The most common types of anesthesia for the surgery are general anesthesia or spinal anesthesia. The general anesthesia will put you to sleep. The spinal anesthesia will numb your body from the waist down, while you remain awake, but sedated, so your memory is blurred. Your doctor will help you decide which anesthesia is best for you. You may also be required to donate your own blood for transfusion during the surgery. This is usually done several weeks before your operation.
Your surgeon will make an incision on the side of your hip to access your joint. Your hip joint will be opened to allow your surgeon to remove damaged bone, cartilage, or connective tissue. The femoral head and the cartilage or bone from the hip socket will be removed.
Your hip joint will be replaced with an artificial joint. There are a variety of artificial joint types, and your surgeon will choose the most appropriate one for you. A highly polished strong metal ball will be implanted or attached to the top of your femur. A durable socket made of plastic or plastic and metal will be attached to your bone with or without surgical screws or surgical cement. The artificial joint will allow you to perform most of the pain-free movements that you used to be able to do.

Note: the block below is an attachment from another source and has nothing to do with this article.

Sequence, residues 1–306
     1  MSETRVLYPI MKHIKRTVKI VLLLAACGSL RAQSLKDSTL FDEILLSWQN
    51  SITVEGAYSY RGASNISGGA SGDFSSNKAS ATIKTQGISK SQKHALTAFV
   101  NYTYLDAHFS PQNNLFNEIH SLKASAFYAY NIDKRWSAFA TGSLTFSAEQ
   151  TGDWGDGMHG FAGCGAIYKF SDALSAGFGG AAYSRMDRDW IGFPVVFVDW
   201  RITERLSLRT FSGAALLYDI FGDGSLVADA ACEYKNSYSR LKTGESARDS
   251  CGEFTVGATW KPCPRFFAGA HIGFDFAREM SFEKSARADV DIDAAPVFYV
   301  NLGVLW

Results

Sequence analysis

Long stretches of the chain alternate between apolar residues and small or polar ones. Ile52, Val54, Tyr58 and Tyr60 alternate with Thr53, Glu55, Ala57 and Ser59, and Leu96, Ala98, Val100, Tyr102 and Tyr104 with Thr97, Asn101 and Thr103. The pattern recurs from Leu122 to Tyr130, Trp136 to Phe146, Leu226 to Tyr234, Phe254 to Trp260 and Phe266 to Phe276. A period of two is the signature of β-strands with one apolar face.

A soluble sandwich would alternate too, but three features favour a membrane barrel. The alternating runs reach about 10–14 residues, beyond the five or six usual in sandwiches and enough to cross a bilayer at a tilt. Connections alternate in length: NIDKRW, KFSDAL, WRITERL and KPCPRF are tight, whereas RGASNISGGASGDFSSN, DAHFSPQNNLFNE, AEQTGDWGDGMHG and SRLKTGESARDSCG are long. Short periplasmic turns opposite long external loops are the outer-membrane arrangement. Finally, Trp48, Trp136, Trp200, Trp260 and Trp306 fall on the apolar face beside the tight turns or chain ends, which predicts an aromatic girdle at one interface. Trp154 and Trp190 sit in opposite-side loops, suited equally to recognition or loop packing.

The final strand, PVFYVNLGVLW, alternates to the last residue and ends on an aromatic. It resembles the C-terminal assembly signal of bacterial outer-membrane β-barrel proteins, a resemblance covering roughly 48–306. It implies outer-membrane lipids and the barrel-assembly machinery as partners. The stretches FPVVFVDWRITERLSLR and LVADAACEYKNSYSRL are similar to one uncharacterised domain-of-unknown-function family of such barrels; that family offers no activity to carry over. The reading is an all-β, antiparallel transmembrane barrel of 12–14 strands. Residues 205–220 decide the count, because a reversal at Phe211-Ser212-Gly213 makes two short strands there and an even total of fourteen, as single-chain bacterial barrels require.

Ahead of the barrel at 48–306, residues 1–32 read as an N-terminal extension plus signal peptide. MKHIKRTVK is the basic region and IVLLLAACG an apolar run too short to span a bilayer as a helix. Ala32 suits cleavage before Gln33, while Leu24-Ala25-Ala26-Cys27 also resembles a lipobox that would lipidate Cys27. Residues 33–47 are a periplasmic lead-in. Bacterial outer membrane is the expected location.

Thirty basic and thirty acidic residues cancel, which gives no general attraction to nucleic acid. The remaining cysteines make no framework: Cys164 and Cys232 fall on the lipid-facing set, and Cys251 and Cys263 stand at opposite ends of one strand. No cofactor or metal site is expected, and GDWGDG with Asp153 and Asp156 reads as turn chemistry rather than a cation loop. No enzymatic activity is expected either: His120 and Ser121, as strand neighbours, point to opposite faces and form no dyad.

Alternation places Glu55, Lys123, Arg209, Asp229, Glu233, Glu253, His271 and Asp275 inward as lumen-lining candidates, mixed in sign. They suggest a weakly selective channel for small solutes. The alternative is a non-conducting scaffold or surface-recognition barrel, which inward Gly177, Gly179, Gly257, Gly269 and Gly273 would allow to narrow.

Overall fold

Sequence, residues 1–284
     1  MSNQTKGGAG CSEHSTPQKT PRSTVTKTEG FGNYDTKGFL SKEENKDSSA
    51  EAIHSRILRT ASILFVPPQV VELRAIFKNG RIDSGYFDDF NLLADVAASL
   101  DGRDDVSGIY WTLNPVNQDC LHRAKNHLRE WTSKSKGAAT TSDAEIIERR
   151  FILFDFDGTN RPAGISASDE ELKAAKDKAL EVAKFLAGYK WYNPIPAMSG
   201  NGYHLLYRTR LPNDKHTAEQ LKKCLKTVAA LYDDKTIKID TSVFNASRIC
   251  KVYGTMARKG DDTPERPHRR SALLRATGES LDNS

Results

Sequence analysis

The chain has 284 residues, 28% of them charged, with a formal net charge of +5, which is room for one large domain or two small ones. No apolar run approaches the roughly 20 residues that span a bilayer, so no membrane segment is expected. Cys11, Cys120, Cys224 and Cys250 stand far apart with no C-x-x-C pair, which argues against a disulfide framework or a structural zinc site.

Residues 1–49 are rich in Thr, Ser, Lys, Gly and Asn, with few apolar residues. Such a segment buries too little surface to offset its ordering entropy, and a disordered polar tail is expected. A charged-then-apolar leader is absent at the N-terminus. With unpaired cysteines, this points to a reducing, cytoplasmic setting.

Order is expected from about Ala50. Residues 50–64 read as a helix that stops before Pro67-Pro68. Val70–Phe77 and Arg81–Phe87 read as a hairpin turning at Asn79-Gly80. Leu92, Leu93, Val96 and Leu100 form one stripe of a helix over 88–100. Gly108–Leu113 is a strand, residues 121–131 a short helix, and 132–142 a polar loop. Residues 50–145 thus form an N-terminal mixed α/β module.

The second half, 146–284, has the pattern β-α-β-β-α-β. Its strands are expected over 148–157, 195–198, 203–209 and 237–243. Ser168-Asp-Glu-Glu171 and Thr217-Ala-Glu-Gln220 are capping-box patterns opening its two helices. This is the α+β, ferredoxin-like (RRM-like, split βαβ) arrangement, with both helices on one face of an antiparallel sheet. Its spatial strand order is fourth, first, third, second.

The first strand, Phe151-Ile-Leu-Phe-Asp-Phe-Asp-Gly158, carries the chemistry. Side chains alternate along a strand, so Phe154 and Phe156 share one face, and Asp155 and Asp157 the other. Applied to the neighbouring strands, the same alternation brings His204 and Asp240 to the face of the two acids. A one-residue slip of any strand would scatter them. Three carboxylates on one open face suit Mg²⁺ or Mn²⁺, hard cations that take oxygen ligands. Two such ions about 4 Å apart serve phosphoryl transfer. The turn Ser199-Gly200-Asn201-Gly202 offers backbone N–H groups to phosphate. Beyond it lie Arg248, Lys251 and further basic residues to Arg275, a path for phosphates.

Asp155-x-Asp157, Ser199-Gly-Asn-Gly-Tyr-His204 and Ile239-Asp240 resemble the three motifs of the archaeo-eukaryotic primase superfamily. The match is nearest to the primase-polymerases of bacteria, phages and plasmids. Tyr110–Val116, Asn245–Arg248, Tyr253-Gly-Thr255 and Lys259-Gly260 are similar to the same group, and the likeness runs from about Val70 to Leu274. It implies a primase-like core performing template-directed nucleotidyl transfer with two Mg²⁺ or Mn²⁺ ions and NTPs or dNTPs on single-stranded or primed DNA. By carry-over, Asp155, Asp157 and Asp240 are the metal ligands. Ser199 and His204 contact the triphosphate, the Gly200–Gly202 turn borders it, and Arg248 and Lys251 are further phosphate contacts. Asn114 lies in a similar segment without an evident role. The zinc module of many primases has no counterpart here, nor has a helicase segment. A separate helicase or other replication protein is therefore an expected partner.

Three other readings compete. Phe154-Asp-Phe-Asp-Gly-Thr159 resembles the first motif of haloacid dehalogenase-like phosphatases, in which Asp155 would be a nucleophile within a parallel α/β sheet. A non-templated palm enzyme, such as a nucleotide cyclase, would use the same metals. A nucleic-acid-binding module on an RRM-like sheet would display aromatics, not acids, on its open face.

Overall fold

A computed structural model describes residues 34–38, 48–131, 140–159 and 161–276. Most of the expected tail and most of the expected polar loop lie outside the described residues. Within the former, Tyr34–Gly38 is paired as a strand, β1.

Your physician will temporarily restrict certain movements to prevent your artificial joint from dislocating. Depending on the surgical approach to your hip, you should refrain from crossing your legs, bending your hips at more than a 90-degree angle, and pointing your feet inward or outwards.
Physical therapy will begin the day after your surgery. You will learn to exercise to strengthen your hip. You will need to use a walker, cane, or crutches while standing and walking. Your physical therapist will help you with walking and show you how to go up and down stairs. After you leave the hospital, you may continue with an outpatient physical therapy program or a home exercise program geared to increase your strength and endurance. When your incisions heal, you may perform physical therapy exercises in a heated therapeutic pool. The heat may help to relieve pain and stiffness, while the water provides you with support while exercising your joints.